It's actually rather amusing seeing how many romance cliches Bronte subverts, even though she was writing a good many, many years before the contemporary romance industry was formed.



The novel has a small rarelit fandom, part of a wider Brontë fandom, and is a perennial Yuletide favourite. Printzine fanfiction is known from at least 1986;[5] the earliest story on FanFiction.Net dates from July 2003. Some fanfiction portrays the canonical Jane/Rochester relationship, with many takes on their wedding night. Tropes here include that Victorian staple of the virginal woman, as well as disabled sex.

There are also AUs in which Jane did not marry Rochester, most of which feature the Jane/Rivers pairing, as well as stories featuring minor characters such as Adèle Varens, Blanche Ingram, Rosamond Oliver and (particularly since the 2011 film) St John Rivers. There is a little Jane/Helen Burns femslash (and even at least one example of Jane/Miss Temple),[note 1] but m/m slash is extremely rare,[note 2] perhaps because the two major male characters never meet.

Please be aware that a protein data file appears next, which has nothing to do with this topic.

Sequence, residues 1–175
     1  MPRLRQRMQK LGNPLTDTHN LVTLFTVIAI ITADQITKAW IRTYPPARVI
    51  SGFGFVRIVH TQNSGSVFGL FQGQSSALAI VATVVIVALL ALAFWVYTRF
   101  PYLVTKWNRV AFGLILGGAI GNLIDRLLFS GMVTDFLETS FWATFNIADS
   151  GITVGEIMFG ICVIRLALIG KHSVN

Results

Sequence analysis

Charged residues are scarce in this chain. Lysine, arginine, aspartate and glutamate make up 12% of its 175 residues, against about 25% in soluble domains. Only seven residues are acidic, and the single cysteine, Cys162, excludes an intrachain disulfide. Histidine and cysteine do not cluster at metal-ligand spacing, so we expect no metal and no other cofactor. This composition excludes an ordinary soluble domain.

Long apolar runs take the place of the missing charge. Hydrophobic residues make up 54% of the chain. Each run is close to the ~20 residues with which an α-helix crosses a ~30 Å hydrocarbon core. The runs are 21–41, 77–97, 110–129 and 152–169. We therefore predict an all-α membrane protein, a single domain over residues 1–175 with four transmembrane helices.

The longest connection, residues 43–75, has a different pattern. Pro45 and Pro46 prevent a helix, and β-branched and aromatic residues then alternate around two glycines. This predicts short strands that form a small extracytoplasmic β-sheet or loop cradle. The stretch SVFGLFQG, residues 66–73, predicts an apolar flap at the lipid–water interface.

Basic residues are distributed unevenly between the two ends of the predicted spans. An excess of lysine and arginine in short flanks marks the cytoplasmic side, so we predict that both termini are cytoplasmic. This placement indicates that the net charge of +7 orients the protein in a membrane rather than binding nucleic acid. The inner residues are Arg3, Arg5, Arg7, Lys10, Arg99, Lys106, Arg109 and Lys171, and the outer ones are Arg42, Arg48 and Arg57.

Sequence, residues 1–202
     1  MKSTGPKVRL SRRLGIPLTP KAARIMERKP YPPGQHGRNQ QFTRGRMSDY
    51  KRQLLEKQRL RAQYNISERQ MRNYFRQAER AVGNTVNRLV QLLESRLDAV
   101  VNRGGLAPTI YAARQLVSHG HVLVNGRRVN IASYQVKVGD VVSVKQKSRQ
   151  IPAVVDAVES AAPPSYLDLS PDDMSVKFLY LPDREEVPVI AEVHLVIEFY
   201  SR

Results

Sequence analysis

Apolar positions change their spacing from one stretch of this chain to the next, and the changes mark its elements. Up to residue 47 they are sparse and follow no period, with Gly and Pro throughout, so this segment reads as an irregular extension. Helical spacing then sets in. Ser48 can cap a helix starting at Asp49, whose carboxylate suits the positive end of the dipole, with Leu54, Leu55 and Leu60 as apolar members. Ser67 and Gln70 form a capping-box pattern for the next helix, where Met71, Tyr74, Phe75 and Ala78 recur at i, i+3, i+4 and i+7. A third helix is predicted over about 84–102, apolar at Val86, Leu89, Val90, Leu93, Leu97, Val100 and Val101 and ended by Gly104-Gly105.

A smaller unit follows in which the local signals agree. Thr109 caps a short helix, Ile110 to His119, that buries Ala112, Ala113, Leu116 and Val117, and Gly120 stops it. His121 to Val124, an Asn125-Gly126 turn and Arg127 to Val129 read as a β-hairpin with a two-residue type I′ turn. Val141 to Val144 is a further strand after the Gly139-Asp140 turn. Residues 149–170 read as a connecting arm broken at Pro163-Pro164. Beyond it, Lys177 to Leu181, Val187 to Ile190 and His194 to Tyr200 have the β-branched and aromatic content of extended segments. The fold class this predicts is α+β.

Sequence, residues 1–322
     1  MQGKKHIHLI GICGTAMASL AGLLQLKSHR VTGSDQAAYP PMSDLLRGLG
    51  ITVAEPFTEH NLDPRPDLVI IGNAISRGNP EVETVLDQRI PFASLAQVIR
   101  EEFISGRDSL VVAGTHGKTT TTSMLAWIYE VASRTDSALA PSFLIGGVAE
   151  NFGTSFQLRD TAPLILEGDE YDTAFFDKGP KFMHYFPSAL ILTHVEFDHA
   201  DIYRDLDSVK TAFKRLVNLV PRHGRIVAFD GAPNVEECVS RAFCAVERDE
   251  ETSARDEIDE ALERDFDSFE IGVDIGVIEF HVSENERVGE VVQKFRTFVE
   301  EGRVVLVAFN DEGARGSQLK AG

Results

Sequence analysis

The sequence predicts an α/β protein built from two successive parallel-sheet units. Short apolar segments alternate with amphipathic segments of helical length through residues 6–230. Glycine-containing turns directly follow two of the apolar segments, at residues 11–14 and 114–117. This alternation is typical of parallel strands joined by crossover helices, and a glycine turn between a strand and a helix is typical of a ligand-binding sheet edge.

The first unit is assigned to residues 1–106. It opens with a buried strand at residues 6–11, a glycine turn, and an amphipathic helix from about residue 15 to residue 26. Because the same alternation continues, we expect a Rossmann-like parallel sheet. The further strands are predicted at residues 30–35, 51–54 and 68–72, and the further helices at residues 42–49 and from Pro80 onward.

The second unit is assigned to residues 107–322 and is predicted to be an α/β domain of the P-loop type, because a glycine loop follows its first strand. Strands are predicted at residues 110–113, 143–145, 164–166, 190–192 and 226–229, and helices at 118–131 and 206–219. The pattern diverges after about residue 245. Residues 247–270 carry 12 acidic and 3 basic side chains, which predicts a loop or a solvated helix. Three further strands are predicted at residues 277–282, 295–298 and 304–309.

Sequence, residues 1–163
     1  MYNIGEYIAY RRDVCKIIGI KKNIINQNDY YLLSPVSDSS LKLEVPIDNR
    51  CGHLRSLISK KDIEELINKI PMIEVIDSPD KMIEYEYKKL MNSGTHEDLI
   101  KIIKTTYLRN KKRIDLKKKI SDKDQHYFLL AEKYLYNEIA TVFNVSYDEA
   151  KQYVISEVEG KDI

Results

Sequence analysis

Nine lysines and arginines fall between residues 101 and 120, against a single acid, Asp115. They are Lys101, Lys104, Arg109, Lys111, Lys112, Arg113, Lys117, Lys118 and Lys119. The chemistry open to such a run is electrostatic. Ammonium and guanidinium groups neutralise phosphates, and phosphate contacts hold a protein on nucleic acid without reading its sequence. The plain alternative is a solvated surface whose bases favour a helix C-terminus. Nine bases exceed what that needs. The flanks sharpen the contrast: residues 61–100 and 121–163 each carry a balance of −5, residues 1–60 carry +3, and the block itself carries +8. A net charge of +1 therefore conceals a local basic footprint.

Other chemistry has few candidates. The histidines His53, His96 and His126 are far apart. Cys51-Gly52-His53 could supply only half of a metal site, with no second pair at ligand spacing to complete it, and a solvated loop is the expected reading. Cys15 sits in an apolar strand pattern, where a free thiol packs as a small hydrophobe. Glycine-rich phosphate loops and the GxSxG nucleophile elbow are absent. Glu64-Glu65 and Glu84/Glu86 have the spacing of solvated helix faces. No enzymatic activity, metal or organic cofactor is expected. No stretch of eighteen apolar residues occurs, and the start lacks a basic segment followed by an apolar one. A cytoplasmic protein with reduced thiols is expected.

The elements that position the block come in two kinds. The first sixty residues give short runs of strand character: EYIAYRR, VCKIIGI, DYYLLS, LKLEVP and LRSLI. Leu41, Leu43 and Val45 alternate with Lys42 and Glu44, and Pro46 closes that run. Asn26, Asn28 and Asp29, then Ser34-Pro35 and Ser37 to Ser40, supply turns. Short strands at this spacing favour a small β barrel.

Jane Eyre is also a very common source universe for pastiche-type fusions with a huge variety of fandoms. These are often crackfic, and sometimes feature same actor crossovers, often with m/m slash pairings. The popularity of the Michael Fassbender/James McAvoy pairing has also led to crossovers with the film Becoming Jane, an Austen biopic featuring McAvoy as Tom Lefroy; these are usually Rochester/Lefroy (Rofroy) slash.

In addition to fanfiction, fannish activities include picspam, fanart and vidding. There is much discussion, particularly around the merits of the various adaptations. As with the wider Brontë fandom, some fans enjoy visiting locations related to the novel and to particular adaptations.